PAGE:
United States District Court, W.D. Kentucky, Louisville
RANCE L. COX PLAINTIFF
DANNY ALLEN et al. DEFENDANTS
MEMORANDUM OPINION AND ORDER
H. MCKINLEY JR., DISTRICT JUDGE UNITED STATES DISTRICT COURT
matter is before the Court upon a motion by Defendants for
summary judgment (DN 20). Fully briefed, this matter is ripe
for adjudication. For the following reasons, Defendants'
motion for summary judgment will be denied.
se Plaintiff Rance L. Cox initiated this 42 U.S.C.
§ 1983 prisoner civil rights action by filing a
complaint, and then an amended complaint, both signed under
penalty of perjury (DNs 1 & 9). In these pleadings,
Plaintiff states that, when he was a pretrial detainee
incarcerated at the Hardin County Detention Center (HCDC), he
was attacked by another inmate. In the complaint, he
specifically writes as follows:
On February 26, 2018, I  was assaulted in my protective
custody cell by  a state inmate over a roll of toilet
tissue! . . . I was beaten in head, hit in the face, slammed
to the ground and kicked! It took medical 4 dazes to see me
and only gave me Ibeprofen for the pain in my middle lower
back that I still am suffering from! [Defendant] Reynolds had
photos taken of my torn shirt, back, right side of face and
[the other inmate's] fingernail he lost while beaten me.
amended complaint, Plaintiff continues:
I am housed in a seg. unit along with medical inmates and
seg. inmates! The medical inmate has a state inmate watching
him, he is the one who attacked me after my shower!
[Defendants] are at fault for not housing the medical inmate
. . . where he belonged. If he had been there the state
inmate would never had have been able to try and steal my
toilet paper and then assault me when I said no to him! Me
being in P/C in seg. and getting beaten up [is the fault of]
Defendants Allen and Reynolds.
upon these allegations, the Court allowed Fourteenth
Amendment failure-to-protect claims to proceed against HCDC
Jailer Danny Allen and “Lt. Reynolds” in both
their official and individual capacities.
the Court may grant a motion for summary judgment, it must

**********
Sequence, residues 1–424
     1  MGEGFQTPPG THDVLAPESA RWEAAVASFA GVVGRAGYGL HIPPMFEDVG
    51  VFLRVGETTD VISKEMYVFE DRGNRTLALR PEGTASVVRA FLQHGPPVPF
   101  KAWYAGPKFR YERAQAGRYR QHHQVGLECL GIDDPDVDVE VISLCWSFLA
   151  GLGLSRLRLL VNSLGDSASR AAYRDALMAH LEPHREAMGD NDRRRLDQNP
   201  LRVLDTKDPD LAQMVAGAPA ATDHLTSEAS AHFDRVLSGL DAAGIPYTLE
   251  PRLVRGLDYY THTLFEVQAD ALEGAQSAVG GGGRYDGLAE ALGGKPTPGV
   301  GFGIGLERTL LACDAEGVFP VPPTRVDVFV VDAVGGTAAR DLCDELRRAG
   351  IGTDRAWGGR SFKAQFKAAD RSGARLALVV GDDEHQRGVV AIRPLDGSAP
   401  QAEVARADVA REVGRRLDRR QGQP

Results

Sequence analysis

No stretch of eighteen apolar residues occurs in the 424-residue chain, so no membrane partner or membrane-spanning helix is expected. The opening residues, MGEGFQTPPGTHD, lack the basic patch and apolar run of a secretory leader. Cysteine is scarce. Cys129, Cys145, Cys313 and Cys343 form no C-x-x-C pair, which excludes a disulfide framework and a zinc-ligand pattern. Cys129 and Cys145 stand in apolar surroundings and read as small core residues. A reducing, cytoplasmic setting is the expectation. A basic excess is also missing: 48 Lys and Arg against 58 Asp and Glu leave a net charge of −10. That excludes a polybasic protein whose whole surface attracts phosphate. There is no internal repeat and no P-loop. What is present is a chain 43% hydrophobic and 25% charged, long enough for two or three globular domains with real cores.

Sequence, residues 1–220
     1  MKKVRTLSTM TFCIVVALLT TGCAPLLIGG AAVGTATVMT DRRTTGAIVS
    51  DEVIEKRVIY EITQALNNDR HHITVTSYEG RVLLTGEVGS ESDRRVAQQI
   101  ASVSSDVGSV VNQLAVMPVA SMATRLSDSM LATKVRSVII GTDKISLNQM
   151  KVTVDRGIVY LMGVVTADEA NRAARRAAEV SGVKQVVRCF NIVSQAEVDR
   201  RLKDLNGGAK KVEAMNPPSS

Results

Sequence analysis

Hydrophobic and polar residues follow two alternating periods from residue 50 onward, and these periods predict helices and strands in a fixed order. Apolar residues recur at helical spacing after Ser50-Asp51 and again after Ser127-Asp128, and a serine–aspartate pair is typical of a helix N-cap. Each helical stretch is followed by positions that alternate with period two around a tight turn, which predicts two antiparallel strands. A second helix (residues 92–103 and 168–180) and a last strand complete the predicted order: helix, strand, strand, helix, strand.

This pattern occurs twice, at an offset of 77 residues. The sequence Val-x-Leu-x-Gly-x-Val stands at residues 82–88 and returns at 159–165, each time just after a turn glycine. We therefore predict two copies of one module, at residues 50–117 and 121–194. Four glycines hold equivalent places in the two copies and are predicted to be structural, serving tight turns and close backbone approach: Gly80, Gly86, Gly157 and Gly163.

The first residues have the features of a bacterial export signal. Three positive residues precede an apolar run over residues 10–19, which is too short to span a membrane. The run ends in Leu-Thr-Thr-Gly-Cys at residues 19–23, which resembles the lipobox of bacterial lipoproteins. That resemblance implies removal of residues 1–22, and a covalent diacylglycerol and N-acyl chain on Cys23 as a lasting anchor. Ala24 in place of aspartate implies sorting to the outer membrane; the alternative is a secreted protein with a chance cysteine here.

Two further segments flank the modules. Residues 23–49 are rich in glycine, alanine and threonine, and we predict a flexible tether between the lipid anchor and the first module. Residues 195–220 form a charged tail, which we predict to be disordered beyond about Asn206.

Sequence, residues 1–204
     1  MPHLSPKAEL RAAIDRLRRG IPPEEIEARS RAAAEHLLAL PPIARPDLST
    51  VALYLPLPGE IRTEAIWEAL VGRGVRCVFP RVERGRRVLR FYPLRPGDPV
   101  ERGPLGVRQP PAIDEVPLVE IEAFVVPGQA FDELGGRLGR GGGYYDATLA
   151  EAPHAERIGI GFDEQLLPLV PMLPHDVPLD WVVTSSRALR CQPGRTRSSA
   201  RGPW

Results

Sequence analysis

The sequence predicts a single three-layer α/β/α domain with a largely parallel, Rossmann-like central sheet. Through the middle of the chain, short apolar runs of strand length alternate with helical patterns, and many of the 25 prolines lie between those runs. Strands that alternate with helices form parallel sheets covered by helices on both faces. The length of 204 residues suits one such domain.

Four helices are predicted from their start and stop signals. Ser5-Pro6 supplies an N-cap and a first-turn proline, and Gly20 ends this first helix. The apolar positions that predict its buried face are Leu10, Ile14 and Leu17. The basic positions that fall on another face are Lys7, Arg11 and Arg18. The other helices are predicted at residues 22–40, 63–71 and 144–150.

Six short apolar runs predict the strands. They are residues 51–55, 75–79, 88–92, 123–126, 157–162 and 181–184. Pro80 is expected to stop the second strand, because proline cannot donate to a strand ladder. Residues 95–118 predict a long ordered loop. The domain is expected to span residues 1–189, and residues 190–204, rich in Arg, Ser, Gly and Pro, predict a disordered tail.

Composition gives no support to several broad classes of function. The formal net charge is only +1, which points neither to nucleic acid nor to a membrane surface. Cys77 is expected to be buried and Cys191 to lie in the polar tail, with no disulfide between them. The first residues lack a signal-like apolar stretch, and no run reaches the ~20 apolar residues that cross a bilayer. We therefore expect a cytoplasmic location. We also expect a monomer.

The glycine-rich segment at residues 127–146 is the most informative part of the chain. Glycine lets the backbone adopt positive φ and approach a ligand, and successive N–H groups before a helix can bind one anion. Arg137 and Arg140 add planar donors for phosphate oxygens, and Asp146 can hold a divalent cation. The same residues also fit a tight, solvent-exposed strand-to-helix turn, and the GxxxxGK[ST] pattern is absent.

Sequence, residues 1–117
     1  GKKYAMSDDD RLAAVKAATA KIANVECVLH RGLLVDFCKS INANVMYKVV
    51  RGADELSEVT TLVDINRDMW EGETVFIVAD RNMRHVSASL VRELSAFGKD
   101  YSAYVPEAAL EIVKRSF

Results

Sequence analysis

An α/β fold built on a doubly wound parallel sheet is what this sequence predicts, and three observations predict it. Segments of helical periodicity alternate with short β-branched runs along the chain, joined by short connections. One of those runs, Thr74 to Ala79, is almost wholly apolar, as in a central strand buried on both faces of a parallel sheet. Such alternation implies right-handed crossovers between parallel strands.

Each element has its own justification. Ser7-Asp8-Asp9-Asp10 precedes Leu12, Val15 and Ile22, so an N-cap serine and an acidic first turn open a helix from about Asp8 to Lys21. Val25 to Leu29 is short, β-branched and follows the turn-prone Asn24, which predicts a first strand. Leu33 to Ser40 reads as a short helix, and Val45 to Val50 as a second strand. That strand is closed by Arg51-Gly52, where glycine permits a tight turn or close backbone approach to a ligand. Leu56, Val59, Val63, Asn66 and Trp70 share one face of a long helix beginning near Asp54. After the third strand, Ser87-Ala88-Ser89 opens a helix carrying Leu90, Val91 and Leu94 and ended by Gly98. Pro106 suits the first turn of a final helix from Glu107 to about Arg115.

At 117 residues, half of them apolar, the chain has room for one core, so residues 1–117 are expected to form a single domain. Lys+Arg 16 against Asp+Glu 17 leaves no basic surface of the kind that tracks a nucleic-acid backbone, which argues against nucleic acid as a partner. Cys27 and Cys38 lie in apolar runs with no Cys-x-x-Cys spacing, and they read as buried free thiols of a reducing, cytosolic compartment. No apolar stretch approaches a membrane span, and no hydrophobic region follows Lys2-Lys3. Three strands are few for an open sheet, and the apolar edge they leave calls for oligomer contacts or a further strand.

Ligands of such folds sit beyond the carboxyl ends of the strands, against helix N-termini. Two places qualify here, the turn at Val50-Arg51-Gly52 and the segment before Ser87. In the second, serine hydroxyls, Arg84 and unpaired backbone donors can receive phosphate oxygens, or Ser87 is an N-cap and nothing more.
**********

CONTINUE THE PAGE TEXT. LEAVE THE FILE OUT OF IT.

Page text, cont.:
find that there is no genuine dispute as to any material fact
and that the moving party is entitled to judgment as a matter
of law. Fed.R.Civ.P. 56(a). The moving party bears the
initial burden of specifying the basis for its motion and
identifying that portion of the record that demonstrates the
absence of a genuine issue of material fact. Celotex
Corp. v. Catrett, 477 U.S. 317, 322 (1986). Once the
moving party satisfies this burden, the non-moving party
thereafter must produce specific facts demonstrating a
genuine issue of fact for trial. Anderson v. Liberty
Lobby, Inc., 477 U.S. 242, 247-48 (1986).
the moving party satisfies its burden of production, the
nonmovant “must-by deposition, answers to
interrogatories, affidavits, and admissions on file-show
specific facts that reveal a genuine issue for trial.”
Laster v. City of Kalamazoo, 746 F.3d 714, 726 (6th
Cir. 2014) (citing Celotex, 477 U.S. at 324).
Statements in a verified complaint that are based on personal
knowledge may function as the equivalent of affidavit
statements for purposes of summary judgment. Weberg v.
Franks, 229 F.3d 514, 526 n.13 (6th Cir. 2000);
Williams v. Browman, 981 F.2d 901, 905 (6th Cir.
1992). “The pivotal question is whether the party
bearing the burden of proof has presented a jury question as
to each element in the case.” Hartsel v. Keys,
87 F.3d 795, 799 (6th Cir. 1996). The evidence of the
non-moving party is to be believed, Anderson, 477
U.S. at 255, and all reasonable inferences that may be drawn
from the facts placed before the Court must be drawn in favor
of the opposing party. Matsushita Elec. Indus. Co., Ltd.
v. Zenith Radio Corp., 475 U.S. 574, 587 (1986).
1983 creates no substantive rights, but merely provides
remedies for deprivations of rights established elsewhere.
Flint ex rel. Flint v. Ky. Dep't of Corr., 270
F.3d 340, 351 (6th Cir. 2001). Two elements are required to
state a claim under § 1983. Gomez v. Toledo,
446 U.S. 635, 640 (1980). “A plaintiff must allege the
violation of a right secured by the Constitution and laws of
the United States, and must show that the alleged deprivation
was committed by a person acting under color of state
law.” West v. Atkins, 487 U.S. 42, 48 (1988).
“Absent either element, a section 1983 claim will not
lie.” Christy v. Randlett, 932 F.2d 502, 504
(6th Cir. 1991).